Icy fingers and how cold water felt hot

When my mom was a little girl, she would play outside in the winter until her cheeks were numb and her fingers ached inside her gloves. She would come back into the house, weeping from the pins and needles that ran through her fingers. Elizabeth, the maid/babysitter who worked for my mom’s family for many years, until the night she experienced a mental break and served dinner upside down, would wipe her face, and warm up her icy fingers in a bowl of cold water.

As a child I would always beg my parents to tell me stories about when they were little. Growing up in Los Angeles, my favorite stories were the ones that involved cold weather and snowpeople and sleds and marshmallows roasted on sticks over a fire burning in a fireplace. I wanted a fireplace so much when I was six years old, that I would pretend that the lowest shelf of the living room bookcase was one, and I would stare at it while popping bubble wrap, trying to will a hearth into being.

Evil looking ice

Last night, while driving home from class, I noticed a world of ice on the planters and sidewalk in front of the building that used to house the AAA headquarters at 21st and Market. I didn’t have my camera with me then, but the images of that ice niggled at my brain and at about 11 pm last night, I decided I had to walk over there and take some pictures. I bundled myself up in my long, gray down coat that makes it look like I’m wearing a sleeping bag, wrapped a huge scarf around my neck, pulled on a wool hat for extra insulation under my hood and grabbed my gloves as I headed out the door.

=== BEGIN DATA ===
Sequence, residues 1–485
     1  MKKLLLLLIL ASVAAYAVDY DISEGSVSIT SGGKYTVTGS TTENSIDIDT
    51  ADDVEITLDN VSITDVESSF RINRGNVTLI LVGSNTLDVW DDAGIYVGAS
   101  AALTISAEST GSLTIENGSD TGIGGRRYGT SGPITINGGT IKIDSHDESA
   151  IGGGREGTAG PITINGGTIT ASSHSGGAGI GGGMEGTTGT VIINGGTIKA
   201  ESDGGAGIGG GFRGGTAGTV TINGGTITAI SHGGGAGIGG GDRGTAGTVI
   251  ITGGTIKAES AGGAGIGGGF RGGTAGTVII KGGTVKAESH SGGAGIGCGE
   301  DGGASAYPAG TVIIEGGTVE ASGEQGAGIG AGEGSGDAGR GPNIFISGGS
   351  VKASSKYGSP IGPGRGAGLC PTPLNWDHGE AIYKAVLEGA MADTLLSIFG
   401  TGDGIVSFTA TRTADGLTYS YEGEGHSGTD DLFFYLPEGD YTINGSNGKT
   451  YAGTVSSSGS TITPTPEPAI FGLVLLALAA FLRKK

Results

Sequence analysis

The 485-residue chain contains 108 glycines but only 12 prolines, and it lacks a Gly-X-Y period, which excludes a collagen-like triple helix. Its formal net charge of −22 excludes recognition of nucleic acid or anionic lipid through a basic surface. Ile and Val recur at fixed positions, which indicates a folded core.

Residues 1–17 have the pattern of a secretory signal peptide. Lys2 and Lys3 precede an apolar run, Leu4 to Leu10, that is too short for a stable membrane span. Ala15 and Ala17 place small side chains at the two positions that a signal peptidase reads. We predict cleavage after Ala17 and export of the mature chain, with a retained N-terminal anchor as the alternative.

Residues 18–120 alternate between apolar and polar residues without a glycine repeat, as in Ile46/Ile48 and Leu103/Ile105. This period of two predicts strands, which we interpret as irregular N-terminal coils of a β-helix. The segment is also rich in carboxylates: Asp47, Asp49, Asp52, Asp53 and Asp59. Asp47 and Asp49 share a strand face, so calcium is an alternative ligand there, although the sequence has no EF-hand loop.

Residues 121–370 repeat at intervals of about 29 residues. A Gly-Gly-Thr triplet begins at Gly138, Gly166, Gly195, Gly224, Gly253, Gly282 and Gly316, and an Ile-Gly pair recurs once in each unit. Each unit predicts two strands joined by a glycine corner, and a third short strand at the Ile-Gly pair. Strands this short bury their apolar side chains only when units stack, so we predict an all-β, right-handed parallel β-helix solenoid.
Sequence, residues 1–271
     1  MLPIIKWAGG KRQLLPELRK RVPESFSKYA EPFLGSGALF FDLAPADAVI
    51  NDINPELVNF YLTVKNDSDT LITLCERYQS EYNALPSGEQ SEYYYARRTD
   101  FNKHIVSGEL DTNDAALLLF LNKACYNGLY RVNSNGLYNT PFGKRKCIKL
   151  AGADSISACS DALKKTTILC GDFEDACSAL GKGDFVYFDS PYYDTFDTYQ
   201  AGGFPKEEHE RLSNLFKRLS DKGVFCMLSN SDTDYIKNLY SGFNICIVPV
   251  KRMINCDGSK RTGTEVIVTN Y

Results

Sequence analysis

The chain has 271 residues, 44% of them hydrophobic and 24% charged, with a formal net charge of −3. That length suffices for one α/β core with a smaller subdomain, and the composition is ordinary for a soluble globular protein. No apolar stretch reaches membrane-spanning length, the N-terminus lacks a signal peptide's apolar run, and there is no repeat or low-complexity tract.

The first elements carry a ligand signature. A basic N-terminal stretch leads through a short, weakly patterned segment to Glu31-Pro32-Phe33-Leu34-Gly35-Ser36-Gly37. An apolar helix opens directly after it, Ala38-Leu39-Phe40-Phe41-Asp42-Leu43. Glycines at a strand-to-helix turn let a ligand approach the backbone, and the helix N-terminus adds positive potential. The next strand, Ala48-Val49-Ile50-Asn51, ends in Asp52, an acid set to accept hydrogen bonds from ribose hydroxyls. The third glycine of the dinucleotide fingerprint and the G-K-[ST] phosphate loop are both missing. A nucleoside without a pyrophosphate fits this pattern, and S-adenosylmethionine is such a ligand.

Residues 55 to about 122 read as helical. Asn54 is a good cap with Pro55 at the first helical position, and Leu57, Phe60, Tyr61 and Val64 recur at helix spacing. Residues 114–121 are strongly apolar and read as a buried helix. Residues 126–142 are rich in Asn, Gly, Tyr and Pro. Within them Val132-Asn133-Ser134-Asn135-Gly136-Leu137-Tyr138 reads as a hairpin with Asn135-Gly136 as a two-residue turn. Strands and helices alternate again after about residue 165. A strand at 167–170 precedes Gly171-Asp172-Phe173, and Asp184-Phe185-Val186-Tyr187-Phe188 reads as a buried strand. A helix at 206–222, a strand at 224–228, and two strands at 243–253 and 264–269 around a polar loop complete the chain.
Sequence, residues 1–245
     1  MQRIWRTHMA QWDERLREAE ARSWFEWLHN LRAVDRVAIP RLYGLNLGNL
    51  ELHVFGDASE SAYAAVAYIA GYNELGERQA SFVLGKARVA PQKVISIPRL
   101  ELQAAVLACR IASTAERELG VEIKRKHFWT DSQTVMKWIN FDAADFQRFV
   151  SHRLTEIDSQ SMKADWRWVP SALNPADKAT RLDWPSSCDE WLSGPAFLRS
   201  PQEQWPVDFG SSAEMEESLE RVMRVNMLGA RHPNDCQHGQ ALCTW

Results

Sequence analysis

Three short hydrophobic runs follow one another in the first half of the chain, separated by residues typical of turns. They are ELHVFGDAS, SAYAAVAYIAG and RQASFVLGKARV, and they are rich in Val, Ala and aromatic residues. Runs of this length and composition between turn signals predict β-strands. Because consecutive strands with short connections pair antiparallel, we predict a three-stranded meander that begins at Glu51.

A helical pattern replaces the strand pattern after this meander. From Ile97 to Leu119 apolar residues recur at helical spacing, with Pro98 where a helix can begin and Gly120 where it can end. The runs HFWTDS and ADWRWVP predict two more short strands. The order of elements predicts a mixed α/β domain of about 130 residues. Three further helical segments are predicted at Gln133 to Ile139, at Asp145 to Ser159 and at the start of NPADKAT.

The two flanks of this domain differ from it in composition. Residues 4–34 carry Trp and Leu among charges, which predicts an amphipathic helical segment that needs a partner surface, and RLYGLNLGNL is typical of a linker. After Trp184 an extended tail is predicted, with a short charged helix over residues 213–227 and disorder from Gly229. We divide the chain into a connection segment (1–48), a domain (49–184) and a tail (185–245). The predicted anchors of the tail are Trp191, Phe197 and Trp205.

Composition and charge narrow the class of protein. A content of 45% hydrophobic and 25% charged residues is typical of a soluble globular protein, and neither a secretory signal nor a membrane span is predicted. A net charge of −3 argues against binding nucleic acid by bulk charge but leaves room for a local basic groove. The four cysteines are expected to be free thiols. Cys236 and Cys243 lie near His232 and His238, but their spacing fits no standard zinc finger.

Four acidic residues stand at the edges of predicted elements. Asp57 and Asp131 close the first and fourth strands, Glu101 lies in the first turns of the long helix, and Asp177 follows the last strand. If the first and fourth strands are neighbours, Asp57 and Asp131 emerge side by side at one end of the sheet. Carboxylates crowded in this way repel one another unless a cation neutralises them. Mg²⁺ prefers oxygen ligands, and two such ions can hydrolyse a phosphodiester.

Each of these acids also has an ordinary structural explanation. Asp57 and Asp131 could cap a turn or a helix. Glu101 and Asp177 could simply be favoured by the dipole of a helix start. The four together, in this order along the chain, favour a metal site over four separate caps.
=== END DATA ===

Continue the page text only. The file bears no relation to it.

I was outside for all of fifteen minutes, but as I walked home, I realized that my gloves had been ridiculously insufficient (the rest of me stayed quite warm). My fingers ached and I ran the last block back to my apartment, trying to warm my fingers while holding a tripod. When I got upstairs, my mind raced back to the stories my mom used to tell me of how Elizabeth would warm up her icy fingers, and I turned the kitchen faucet on cold. Under the water, my fingers started to lose their redness and while it hurt, it was a relief to know that my fingers were still all mine.

To see all the pictures of the ice, go here.

0 thoughts on “Icy fingers and how cold water felt hot

  1. Marisa

    One night she came out to serve my mom’s family dinner, only instead of placing the bowls and platters on the table, she turned them upside down onto the table cloth. On the dining room table that is now in my apartment. She did it while cursing my grandparents, and screaming about how they talked behind her back.

    Even before that, Elizabeth was never entirely stable. She was always whispering to my mom that she was adopted and that one day “her French mama was going to come back for her.” But that was the day where she left hold of reality once and for all.

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  3. howard

    (I was going to tell you I based my daily haiku on your post, but that silly trackback beat me to it.)

    That the cold water trick was something that always amazed me.

    As children, our first impulse was to turn on the hot water, but my mother would always warn us that we could get burnt before we even realized it if our hands were still numb. It amazed me at first because I didn’t understand the logic behind how it felt so warm.

    To this day, I remember that sense of mystery every time I run my hands under the cold water after coming in from the cold.


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